Ross Shonhan, former head chef at Zuma and Nobu talks to us about misconceptions of Japanese food, his love affair with ramen, and what to expect from his first solo venture – Soho ramen bar, Bone Daddies

Cook ramen at home with our Tonkotsu Ramen recipe, and Ross’s top 5 ramen-making tips.

Ross Shonhan is a head taller than most of the lunchtime crowd at Soho’s Berwick Street market. So it’s easy to spot the Australian chef weaving through the stalls. “Only three minutes late” he grins, collapsing into a chair in the coffee shop across the street from his first solo venture – Bone Daddies ramen bar.

It’s a well-timed launch. Not only will the steaming bowls of broth arrive in time to warm up wintery Londoners, but the ramen craze has just washed up this side of The Atlantic, and is set to take the city by storm.

Ramen is a dish that inspires a cult-following. The ‘souped-up super noodle’ swept through New York – with Grub Street New York referring to the city’s ‘never-ending fascination with ramen spots’. The manga comic Oishinbo dedicated a strip to the tales of a ramen bar, Tokyo set up an entire ramen museum, and noodle-based paraphernalia ranges from t-shirts to bowls to ramen-themed jewellery.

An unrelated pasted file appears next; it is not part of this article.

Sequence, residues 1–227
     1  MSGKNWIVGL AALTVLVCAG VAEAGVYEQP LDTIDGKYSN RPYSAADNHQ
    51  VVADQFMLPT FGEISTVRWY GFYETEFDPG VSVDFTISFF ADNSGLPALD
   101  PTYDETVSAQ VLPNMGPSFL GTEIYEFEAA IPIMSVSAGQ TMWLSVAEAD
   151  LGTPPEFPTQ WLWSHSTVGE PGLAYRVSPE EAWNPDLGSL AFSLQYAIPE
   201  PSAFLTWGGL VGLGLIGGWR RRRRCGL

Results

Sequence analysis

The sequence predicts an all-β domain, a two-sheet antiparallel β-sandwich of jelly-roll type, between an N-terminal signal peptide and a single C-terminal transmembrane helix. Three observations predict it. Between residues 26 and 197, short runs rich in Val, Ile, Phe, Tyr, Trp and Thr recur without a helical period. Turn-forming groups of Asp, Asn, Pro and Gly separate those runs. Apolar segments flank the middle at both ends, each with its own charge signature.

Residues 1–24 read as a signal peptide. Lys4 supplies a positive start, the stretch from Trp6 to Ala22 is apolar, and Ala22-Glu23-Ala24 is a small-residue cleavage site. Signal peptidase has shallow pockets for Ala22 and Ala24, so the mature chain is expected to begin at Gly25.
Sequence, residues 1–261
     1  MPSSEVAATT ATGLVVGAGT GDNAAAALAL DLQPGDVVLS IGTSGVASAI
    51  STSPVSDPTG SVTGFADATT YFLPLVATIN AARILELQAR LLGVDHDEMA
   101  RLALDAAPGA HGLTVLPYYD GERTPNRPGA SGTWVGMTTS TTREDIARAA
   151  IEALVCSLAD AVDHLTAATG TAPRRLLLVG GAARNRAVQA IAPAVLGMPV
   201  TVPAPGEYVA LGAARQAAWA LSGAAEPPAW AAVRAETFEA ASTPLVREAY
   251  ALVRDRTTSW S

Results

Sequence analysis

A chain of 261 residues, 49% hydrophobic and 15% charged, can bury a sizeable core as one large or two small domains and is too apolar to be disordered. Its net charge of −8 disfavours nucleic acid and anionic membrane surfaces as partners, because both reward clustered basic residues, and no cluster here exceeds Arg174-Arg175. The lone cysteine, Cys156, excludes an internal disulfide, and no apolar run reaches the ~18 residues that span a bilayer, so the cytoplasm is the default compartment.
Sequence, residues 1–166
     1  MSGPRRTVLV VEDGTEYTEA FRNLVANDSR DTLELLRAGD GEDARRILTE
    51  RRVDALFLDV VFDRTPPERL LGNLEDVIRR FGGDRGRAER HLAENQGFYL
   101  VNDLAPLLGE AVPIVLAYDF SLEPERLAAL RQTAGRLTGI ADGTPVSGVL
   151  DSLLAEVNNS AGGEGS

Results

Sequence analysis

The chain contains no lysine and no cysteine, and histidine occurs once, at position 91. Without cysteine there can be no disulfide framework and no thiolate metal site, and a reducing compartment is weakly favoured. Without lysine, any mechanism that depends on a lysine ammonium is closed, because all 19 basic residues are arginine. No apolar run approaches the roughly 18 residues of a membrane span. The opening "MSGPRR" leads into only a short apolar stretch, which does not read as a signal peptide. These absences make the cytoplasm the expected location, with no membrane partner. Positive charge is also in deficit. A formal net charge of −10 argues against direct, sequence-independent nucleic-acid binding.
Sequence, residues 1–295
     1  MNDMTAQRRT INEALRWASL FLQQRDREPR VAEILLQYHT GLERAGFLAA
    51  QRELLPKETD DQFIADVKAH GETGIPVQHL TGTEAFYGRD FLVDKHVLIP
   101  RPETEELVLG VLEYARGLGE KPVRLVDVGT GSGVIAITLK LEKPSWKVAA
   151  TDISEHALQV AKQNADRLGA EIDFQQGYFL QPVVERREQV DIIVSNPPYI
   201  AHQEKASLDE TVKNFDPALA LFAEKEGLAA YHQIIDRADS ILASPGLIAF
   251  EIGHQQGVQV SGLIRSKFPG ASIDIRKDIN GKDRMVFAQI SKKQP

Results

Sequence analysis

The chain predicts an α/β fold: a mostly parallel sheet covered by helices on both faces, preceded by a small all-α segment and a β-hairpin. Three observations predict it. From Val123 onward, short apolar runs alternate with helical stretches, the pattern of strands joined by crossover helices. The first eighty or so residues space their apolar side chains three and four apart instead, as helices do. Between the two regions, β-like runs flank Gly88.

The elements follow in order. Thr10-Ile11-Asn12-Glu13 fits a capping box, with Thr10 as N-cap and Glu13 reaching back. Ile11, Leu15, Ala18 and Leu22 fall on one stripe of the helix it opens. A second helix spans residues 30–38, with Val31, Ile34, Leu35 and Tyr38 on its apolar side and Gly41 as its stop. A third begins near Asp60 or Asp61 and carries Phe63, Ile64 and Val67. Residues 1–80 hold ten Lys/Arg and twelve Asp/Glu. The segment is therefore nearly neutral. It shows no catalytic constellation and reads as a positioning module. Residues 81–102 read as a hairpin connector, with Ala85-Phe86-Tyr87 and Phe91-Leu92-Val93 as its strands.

The ramen craze has washed up this side of The Atlantic,
and is set to take the city by storm.

Now Shonhan is fronting the movement as it hits London: “It’s not unusual for me to stay up until two or three in the morning, reading about ramen” he admits.

“It is magical stuff. I decided to call my ramen bar ‘Bone Daddies’ as a tongue-in-cheek reference to the wizardry that happens with a handful of bones.” Shonhan says, referring to the process of making ramen broth. “Also, I didn’t want to use a traditional name, because that’s not what we’re about – I’m not a traditional Japanese chef.”

It’s true – the tall, blonde Australian isn’t your average Japanese cook. Which is perhaps why ramen – a relatively new and maverick noodle – is such a good avenue to go down. “Udon and soba noodles have been in Japan for centuries. So they’re standardised and steeped in tradition. And tradition means rules.” Shonhan explains.